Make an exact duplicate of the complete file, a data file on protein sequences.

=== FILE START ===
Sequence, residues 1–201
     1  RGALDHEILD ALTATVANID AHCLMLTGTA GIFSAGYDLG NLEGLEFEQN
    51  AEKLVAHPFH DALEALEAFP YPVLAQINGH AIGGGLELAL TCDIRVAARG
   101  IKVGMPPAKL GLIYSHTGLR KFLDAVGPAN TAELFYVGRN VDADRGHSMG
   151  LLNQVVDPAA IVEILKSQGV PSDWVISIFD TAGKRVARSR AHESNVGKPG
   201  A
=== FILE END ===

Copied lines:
Sequence, residues 1–201
     1  RGALDHEILD ALTATVANID AHCLMLTGTA GIFSAGYDLG NLEGLEFEQN
    51  AEKLVAHPFH DALEALEAFP YPVLAQINGH AIGGGLELAL TCDIRVAARG
   101  IKVGMPPAKL GLIYSHTGLR KFLDAVGPAN TAELFYVGRN VDADRGHSMG
   151  LLNQVVDPAA IVEILKSQGV PSDWVISIFD TAGKRVARSR AHESNVGKPG
   201  A